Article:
Shopkeeper given warning for running grocer’s store without a licence

The omission was blamed on a lawyer 'not doing his job properly'.

Shopkeeper given warning for running grocer’s store without a licence Google Maps

A shopkeeper was given a stern warning after he discovered he had been running a grocer’s shop without a licence for nearly two years.

The omission – blamed on a lawyer not doing his job properly – only came to light when a licensing standards officer visited the shop and Post Office in June.

Falkirk Council’s licensing board heard on Wednesday that the owner, Mr Singh, had bought the Day-Today shop on Airth’s Main Street as a going concern in August 2019.

He had assumed the premises licence had transferred over too, but later discovered that the solicitor who acted for him “did not do anything about transferring the premises licence into his name”.

His agent told the board that was “highly unusual” and admitted that it meant the shop had no licence from August 2019 until June 2021.

However, Mr Singh was so unaware of the situation that he had continued to display the licence on the wall, long after it had expired.

The length of time meant that Mr Singh – who is also a personal licence holder – had to apply for a new premises licence.

His agent told the board that the mistake had been a very costly one as Mr Singh had been unable to sell alcohol from June until September.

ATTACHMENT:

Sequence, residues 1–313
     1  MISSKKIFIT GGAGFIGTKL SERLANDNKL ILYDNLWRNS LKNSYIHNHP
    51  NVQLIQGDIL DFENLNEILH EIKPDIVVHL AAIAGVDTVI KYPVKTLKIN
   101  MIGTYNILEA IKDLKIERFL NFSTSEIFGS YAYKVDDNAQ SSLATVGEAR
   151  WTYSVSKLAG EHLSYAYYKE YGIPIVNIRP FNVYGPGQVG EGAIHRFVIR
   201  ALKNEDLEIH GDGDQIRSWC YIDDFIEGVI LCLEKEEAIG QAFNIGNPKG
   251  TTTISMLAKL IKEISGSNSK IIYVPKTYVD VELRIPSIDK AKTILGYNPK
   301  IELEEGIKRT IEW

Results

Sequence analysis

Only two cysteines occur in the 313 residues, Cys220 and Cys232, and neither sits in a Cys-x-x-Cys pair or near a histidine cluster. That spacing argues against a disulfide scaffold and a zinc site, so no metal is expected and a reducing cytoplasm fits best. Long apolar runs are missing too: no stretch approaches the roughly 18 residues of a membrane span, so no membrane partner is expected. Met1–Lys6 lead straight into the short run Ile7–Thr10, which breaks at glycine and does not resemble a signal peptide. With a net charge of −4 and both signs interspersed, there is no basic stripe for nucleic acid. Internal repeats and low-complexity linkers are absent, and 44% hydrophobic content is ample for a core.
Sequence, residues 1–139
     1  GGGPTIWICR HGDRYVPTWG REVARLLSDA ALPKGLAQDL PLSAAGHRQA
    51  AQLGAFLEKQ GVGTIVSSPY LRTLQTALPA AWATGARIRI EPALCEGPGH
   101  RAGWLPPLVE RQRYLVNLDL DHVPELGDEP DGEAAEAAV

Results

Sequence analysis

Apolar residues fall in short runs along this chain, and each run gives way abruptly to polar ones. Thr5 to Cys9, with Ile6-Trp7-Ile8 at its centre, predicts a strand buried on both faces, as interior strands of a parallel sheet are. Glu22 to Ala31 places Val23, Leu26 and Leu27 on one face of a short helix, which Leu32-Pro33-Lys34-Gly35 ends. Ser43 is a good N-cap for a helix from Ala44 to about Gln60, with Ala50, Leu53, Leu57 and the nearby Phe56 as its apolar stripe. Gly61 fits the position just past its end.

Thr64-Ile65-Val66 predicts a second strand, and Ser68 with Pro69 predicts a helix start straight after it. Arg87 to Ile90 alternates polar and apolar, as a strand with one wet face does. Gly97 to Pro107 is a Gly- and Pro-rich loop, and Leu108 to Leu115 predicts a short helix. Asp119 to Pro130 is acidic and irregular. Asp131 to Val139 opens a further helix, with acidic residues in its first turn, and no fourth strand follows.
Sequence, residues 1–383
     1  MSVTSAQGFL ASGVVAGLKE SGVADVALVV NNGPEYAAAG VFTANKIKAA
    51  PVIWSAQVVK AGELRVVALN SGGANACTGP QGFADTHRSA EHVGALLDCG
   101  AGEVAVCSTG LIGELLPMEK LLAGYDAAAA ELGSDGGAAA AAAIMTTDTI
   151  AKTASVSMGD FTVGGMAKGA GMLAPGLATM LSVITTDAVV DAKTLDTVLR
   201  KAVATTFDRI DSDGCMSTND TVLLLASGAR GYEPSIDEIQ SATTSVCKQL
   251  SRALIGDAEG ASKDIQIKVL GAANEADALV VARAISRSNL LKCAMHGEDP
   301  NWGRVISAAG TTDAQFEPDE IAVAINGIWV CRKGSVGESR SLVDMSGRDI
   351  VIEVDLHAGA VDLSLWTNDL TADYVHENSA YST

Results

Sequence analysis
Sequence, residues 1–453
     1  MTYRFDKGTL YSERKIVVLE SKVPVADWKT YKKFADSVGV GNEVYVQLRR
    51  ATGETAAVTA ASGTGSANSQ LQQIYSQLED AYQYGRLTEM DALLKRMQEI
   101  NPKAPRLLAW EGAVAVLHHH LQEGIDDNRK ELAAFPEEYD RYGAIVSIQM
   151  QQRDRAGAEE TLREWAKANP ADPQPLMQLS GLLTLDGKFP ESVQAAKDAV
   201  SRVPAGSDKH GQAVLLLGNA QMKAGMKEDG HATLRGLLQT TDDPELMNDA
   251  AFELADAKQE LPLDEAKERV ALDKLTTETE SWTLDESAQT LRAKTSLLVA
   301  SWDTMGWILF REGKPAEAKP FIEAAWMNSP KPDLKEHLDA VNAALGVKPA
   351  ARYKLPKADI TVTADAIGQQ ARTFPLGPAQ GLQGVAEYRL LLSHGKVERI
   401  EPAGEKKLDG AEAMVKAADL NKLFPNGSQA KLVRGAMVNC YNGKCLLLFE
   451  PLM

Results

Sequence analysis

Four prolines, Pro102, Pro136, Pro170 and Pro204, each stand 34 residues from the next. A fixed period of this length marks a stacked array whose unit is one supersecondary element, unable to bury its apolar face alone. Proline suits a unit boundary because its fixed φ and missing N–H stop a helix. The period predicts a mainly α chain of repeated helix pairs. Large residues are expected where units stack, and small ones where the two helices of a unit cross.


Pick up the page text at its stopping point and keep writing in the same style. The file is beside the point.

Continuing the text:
Since then he has been using occasional licences, but the loss of trade for three months on top of the cost of getting a new licence was likely to leave him out of pocket by more than £10,000, the board was told.

His agent said: “The mistake is mainly that of his solicitor who, according to Mr Singh, was told that he was buying for his client a licensed grocer’s business.

“But we do have to accept that Mr Singh is not entirely blameless in relation to this.”

The new owner had said he thought the licence had transferred smoothly because the designated premises manager (DPM), Nichola Wallace, also moved to the new business as part of the transfer.

“We have to concede that Mr Singh should have known better than that,” his agent admitted.

“It was a mistake and he has paid the price for that.”

The board heard that the shop was otherwise well run and there had been no complaints or objections.

The board convener, Niall Coleman, said: “Mr Singh has failed in his obligations to the board. He may or may not have had indifferent legal assistance but it’s still his responsibility.

“The board is minded to grant the licence and will do that with no restrictions but with a stern warning this sort of error must not happen again.”

By local democracy reporter Kirsty Paterson

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